7-08-april“I was just thinking this morning, actually, coming here, that Mr. du Pont was a bit of a genius in that he loved fountains as a child and as a young man. We have so many fountains here at the gardens, and the children are just fascinated with them. I think he really had a sense of what a public garden should be, and who it should be for,” she said.

Isn’t it interesting that the things Pierre du Pont loved as a child inspired his vision for Longwood Gardens? He put his bucket list into action and, in doing so, benefited future generations.

Today, the employees of Longwood Gardens, including Lauren and April, are guided by the principles established by its founder: innovative spirit, passion for knowledge and respect for the land.

The enthusiasm that Lauren and April bring to their work speaks to their love of horticulture and their desire to make a difference in the world by sharing their passion with visitors to the immaculate public garden in Kennett Square.

I hope you will add “Visit Longwood Gardens” to your bucket list. Also, please consider learning more about “green” career options, including horticulture, by watching Working Class: Build & Grow Green,the second episode of our award-winning public television series. Episode one, “Working Class: Design & Do,” earned a 2016 Telly Award and is also available for viewing on YouTube.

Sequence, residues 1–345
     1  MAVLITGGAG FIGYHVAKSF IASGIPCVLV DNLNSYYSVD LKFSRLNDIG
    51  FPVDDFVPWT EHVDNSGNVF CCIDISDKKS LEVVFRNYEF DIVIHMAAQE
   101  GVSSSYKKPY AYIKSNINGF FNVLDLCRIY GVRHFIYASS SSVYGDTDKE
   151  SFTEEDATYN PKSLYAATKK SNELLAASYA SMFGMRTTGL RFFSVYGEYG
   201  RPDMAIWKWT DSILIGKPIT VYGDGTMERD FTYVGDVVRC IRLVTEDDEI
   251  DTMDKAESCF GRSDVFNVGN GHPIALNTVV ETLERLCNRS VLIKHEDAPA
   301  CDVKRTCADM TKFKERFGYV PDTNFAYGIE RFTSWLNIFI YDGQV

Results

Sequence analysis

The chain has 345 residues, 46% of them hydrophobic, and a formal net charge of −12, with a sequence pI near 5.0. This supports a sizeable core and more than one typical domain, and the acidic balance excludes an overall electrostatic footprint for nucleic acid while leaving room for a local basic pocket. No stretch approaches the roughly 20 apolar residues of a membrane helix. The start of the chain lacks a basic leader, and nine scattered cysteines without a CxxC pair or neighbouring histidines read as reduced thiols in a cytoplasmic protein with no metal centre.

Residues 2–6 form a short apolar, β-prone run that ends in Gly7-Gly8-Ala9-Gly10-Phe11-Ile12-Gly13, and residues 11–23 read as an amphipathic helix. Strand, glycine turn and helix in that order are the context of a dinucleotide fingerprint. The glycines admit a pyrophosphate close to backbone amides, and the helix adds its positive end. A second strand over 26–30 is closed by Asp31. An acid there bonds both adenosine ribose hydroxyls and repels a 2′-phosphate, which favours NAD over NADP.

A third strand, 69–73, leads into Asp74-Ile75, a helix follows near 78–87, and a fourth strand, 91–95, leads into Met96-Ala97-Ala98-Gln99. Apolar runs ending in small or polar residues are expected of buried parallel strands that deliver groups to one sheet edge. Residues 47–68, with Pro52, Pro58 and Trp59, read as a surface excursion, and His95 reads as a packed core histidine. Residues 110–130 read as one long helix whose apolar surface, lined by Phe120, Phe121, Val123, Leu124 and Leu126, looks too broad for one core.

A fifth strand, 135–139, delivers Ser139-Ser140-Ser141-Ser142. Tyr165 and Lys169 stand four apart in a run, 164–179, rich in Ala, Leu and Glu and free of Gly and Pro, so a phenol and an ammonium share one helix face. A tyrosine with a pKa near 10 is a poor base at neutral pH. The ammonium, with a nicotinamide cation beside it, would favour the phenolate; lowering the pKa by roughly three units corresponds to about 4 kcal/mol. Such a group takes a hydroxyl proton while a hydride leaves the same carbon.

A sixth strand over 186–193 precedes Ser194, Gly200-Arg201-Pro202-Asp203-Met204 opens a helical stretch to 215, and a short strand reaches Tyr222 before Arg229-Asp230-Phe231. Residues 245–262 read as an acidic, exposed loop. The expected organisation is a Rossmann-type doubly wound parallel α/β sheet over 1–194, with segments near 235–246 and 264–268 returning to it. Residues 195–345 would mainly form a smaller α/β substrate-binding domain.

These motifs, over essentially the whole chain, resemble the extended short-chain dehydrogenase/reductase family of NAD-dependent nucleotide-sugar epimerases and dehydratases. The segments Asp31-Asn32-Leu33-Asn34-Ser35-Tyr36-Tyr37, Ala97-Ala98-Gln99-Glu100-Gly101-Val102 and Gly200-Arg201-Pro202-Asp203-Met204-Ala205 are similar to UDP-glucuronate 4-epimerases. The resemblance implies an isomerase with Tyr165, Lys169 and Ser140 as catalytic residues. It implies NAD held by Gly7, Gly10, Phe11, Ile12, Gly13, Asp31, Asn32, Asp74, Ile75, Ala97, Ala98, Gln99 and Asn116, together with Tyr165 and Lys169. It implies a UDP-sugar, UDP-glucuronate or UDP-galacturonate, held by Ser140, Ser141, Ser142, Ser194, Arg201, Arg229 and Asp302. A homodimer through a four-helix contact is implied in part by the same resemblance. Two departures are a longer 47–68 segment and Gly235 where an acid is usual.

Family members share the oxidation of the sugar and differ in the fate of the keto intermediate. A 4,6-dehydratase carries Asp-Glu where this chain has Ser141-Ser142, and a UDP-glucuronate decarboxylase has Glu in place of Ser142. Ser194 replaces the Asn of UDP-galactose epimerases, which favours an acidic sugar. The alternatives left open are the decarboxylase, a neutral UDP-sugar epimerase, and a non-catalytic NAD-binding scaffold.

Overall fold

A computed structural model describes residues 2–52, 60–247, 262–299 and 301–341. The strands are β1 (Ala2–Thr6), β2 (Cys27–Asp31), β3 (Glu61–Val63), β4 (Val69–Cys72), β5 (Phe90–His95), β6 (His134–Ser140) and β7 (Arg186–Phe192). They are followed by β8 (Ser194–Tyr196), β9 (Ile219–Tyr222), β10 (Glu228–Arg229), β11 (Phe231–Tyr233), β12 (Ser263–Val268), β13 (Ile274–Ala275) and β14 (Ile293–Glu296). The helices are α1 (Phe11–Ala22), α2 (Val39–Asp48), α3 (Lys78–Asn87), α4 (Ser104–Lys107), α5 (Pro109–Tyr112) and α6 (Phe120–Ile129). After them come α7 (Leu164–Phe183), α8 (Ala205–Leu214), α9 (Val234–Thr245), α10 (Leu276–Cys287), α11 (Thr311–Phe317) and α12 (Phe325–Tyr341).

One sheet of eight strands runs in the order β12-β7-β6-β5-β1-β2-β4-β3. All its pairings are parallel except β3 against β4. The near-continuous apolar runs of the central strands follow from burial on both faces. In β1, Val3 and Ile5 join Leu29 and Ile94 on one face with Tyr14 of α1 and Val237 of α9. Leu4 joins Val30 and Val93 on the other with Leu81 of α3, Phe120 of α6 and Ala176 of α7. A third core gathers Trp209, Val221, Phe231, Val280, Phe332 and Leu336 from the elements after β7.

Patricia Evans, communications manager at Longwood Gardens (left), greets Chris Leigh and Colin Helm.

Creating this public television series was an item on my bucket list. It feels very good to fill up the bucket … and share this new episode with you. Please post your comments and let me know what you think of our first two episodes.


“When you’re in high school, and you’re thinking about a career, you could think about what’s just going to make you a lot of money, or you could think about something that you’re going to be happy doing for the rest of your life.”

This advice, offered by a Pennsylvania College of Technology graduate, illustrates a primary theme of the Working Class public television series: inspiring students and teachers to connect academics with practical experiences and to relate classroom learning to careers.

hammer“What do you want to be when you grow up?” It’s a question adults ask kids all the time. But, how often do we sit down and explore real career options with them? Do we help them understand how the things they learn in school apply to real-life challenges?

Have you ever wished you could go back to school with a greater appreciation for how the world works? I have often thought I would pay much closer attention and work harder – not for the grades, but to gain a greater understanding of things that I now need to know. That includes everything from planning my finances to understanding how systems and machines that I use every day actually work.